Despite all of the changes that welcoming a newborn into our family has brought, the boys have taught me that embracing change doesn't have to mean just figuring out how to survive, but that within the sacrifices and challenges, you really can thrive.

Last week, standing in the warmth of the morning sunrise, I waved good-bye to Benedict, walking away, tall and strong, looking back over his shoulder to give me one last glance before heading off to a new year of school. Saying good-bye to him, good-bye to summer broke my heart wide open and all the tears came rising.
I know, I know.
He's 13. I should have this down, right?

Millions of moms across America said their first-day-of-school good-bye's last week, too.  If they can do it, I can do it.  But, truth be told, I can't do it without my chest being gripped with a tremendous longing for just one more day, one more week to have Ben home. Because having him home means we're together. And, being together is something I've truly learned to treasure.

I remember the day after Joseph was born, Steve had to be in the field, so I spent most of the day in the hospital resting, reading and watching television. During an episode of some show on HGTV, a couple was arguing about the upgrades they wanted for their new home.  The mom emphatically insisted that her twin sons (who couldn't have been more than 4 years old) needed to have their own rooms.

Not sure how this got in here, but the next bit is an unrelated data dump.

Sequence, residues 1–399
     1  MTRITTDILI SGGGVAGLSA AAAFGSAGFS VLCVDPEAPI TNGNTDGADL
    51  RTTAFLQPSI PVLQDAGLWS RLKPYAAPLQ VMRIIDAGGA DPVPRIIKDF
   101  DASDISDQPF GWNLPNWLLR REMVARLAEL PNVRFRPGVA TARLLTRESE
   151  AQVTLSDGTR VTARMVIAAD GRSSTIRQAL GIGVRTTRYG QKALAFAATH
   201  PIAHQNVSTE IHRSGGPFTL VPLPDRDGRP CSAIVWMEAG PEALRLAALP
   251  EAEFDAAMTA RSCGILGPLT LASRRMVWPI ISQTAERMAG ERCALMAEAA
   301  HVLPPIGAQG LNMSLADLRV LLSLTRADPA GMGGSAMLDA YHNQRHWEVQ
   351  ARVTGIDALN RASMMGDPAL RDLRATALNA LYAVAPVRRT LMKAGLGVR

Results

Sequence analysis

I just don't think that they should have to share. They need their own space, their own toys, their own place to play and...

And what? I thought.
And be alone??

They need time alone?
With their things? 
In their own space???


They need you. They need their father. They need each other.

At the heart of that mother's concern for her children was love, and that is a good thing.  I have no doubt that she longs for her children to be nurtured, fulfilled and to thrive.  Those are such honest and earnest desires.  But, a big part of me wanted to reach through the television, put my arms around her and remind her that the best gift that she could ever give her sons is the gift of each other, and she's already done that!
It is difficult to describe the relational dynamics and atmosphere of fellowship in a home with many children.  You would think that, in a home that is pressed to the edges with the energy and stuff of six boys, that there would be a great battle for individual ownership and possession, but that's far from true.